drummerman

New member
Jan 18, 2008
540
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Jan Hibma:Hi all,

I love my system, on certain recordings. It sounds great with accoustic stuff, great with vocals and pretty darn decent with classical too. Dance music isn't too shabby either.

It however sounds far less with rock music, whenever I listen to The Strokes, Fall Out Boy or even Tacking Back Sunday for example it just sounds like all life has been sucked out of it, and guitars become quite screechy.

No one system will do everything equally well, that's just common sense. Yours does 3 out of four, not bad. Short of changing equipment, which in your case is pointless if you like what you have, experiment with a good sub if you haven't done so already. It can add body to mid's, bring treble into line, improve drive and weight
 
A

Anonymous

Guest
Hadn't seen your reply yet, sorry Drummerman. I've never thought about a subwoofer, can it improve the sucked out mids? And if so, how could I best integrate it with my speakers? I believe my amplifier has a pre-out.
 

drummerman

New member
Jan 18, 2008
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Some experiences I've had lately made me slowly come round to accept the usefulness of subs. I'm not sure if it will fill in 'sucked out mids' but it certainly can add coherence, perceived clarity and body to the sound if done right. Pre-outs are fine.
 
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Anonymous

Guest
Joelsim suggests that Rock and HiFi dont go together....what are we supposed to listen to it on....a potatoe.

I have had many systems over the past 30 years and only play Metal and Rock.

True it's no point spending thousands on hifi to play Rock as we seem to be the forgotten ones.

I love the system I have now (listening to Whitesnake now) and it sounds great.

Tried others but this was the best combo.

Good luck
 
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Anonymous

Guest
Jan, I can relate to you since I have also Marantz based electronics. Since I rarely listen to rock nowadays to my hifi I am ok and I am very very satisfied with it its performance...it can play nicely my favorite type of music which is vocals and jazz. I beleive my speakers contribute to great vocals as well (thanks to Mr John Duncan and others for recommending Neutron IV
). I have ipod for rock and fast music which I can turn the volume high if I want to. As others say no system is perfect :)

For subwoofer, although I dont have the fastest sub in the world I can say it helps to add weight and body especially when listening at high volumes. I heard Tannoy TS8 sub and I can say they are faster and tighter than mine.
 

JoelSim

New member
Aug 24, 2007
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My view is that rock is too grungy for decent hifi, my stuff shows up too many issues with rock

ÿ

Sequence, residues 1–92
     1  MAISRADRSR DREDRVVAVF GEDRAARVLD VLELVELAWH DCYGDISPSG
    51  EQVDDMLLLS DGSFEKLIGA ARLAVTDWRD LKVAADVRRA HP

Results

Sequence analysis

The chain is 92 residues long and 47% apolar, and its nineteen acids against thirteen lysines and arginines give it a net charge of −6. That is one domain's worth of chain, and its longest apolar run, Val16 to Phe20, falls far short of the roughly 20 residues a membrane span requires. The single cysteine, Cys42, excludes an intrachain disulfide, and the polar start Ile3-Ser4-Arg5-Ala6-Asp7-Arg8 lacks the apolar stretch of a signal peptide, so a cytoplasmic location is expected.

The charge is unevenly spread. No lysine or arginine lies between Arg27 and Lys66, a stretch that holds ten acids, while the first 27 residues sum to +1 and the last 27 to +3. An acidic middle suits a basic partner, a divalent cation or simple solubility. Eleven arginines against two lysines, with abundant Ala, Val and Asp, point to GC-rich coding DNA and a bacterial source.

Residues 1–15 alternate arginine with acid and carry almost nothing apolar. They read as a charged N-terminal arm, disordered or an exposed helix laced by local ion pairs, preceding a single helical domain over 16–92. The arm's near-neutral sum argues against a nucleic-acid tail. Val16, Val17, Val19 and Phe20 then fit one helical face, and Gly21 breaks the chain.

basshead

New member
Mar 4, 2009
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this disscussion has really confused me....

the vast majourity of people in this country listen to rock music, surely a system that can not play the most common form of music is simply no good?
 
A

Anonymous

Guest
Clearly the speakers does not have enough attack and is not dynamic enough, it sounds very much like my old (admittedly different price range) Acoustic Energy Evo 1's, terrific with slower music, a nice soundstage, very open vocals but they sucked all the life out of heavy rock songs and rap for that matter.
 

chebby

Well-known member
Jun 2, 2008
1,232
4
19,195
basshead: the vast majourity of people in this country listen to rock music, surely a system that can not play the most common form of music is simply no good?

Eh?

Where does the evidence for that come from? I would be interested to know.

RAJAR show 13.4 million per day listen to BBC radio 2 (middle of the road mixture of most music types) and over 9.8 million per day listen to Radio 4.(speech, drama , documentary, comedy etc) Almost 2 million listen to Radio 3 (classical) and 10.5 million listen to Radio 1.

5.7 millions per day listen to Classic FM (classical) and 6 million listen to BBC 5 live. (speech, sports etc)

That would indicate that (as far as radio is concerned) 'Rock' listeners are in a minority albeit a significant one.

Obviously many of these people listen to a mixture of stations, but it still does not support the idea that "the vast majority" listen to Rock
 

idc

Well-known member
Jan 2, 2008
1,039
10
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Jan Hibma: the recording quality of the albums is crud

You have at least partly answered your own question. The recording of a lot of rock music is not always up to the standard of other genres, for example the time taken to create the right accoustics for classical music. I suspect that rock is harder to record than other genres, especially simpler sounds such as accoustic. My ears tell me rock sounds better with more base, so my ipod and Bose beats my Arcam, Rega, B&W setup. Though I prefer all music with the ipod EQ set for jazz.